Last year's is the only complete longlist I have read, so I can't do a straight comparison, but as Gumble says a lot will depend on what happens at the shortlist stage - if Milkman, Everything Under and In Our Mad and Furious City survive the cull, it will be a better shortlist than last year. Overall the longlist was stronger but less interesting last year, and I value the Booker's continuing ability to surprise us.


message 15: by Ang (last edited Aug 21, 2018 02:08AM) (new)

Ang | 1685 comments Post adding to Hugh's yearly summaries added to main Booker section.


message 16: by Hugh (new)

Hugh (bodachliath) | 3676 comments Mod
Thanks Ang - those are very interesting!


message 17: by Antonomasia (new)

Antonomasia | 2629 comments Gumble's Yard wrote: "Maybe Diversity of Literature Prizes and move it out of the RoC folder. "

'Diversity of Literary Prizes' would be likely to become a discussion of author demographics, as that's what people would expect under that title, and might open it to participate in. The thread started with the mix of publishers.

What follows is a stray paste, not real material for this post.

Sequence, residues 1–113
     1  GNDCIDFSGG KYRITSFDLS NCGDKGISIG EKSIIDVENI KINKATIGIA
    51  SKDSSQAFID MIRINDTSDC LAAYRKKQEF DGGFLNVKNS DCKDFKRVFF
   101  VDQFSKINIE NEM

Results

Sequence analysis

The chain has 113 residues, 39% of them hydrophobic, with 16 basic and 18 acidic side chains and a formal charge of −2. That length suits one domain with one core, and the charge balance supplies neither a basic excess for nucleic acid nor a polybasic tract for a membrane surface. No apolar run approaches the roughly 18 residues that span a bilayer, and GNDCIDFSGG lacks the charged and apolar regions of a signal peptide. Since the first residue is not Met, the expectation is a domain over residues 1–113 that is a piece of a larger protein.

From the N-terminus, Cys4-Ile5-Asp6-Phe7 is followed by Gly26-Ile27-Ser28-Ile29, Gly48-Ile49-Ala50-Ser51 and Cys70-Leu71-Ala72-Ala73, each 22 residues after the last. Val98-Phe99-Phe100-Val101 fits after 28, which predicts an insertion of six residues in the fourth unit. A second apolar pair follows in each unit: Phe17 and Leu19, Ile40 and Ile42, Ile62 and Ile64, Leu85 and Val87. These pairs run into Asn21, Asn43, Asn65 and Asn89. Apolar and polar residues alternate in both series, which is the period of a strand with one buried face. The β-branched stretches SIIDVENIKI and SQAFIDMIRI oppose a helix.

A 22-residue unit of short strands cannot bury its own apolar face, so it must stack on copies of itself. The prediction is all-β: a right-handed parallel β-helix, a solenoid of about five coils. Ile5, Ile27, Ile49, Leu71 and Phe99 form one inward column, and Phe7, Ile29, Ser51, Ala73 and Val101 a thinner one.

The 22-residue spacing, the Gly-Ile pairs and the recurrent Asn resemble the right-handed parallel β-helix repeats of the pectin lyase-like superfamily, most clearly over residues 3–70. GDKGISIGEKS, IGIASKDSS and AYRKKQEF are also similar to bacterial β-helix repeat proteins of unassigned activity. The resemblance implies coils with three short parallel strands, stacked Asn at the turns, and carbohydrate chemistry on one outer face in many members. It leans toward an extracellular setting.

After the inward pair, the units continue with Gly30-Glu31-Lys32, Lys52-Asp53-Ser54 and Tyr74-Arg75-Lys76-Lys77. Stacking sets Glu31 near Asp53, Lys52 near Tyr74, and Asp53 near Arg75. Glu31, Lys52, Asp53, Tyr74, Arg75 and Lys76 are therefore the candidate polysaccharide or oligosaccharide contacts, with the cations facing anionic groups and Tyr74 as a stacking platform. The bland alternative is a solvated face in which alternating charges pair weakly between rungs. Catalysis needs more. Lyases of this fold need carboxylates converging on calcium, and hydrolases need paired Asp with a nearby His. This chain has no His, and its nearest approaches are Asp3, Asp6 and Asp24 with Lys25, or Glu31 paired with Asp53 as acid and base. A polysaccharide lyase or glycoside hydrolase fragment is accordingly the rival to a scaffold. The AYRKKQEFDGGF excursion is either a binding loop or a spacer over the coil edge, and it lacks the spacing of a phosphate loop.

message 18: by Hugh (last edited Aug 21, 2018 02:17AM) (new)

Hugh (bodachliath) | 3676 comments Mod
My 2017 shortlist figures are 34 readers 178 rankings (51 and 239 including those carried forward from longlist rankings). In both cases Lincoln in the Bardo topped the poll, but at the longlist stage that was third behind Solar Bones and Home Fire.

If I had the 2016 figures, I don't know what I did with the spreadsheet.


message 19: by Ang (last edited Aug 21, 2018 02:32AM) (new)

Ang | 1685 comments I think I might have done 2016? Not sure.

269 books longlist, 194 books shortlist. I tended to move votes over from longlist to shortlist if contributors didn't add a separate entry after shortlist announcement, so number of readers ended up higher in shortlist (42).


message 20: by Ang (new)